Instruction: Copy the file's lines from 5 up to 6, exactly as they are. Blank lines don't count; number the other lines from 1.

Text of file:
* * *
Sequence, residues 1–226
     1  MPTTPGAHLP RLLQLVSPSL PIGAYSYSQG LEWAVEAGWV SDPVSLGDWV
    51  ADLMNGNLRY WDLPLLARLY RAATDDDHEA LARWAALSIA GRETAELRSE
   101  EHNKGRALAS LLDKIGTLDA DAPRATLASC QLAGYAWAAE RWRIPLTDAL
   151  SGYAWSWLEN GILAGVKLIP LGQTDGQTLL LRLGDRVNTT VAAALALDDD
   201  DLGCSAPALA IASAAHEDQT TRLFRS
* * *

   151  SGYAWSWLEN GILAGVKLIP LGQTDGQTLL LRLGDRVNTT VAAALALDDD
   201  DLGCSAPALA IASAAHEDQT TRLFRS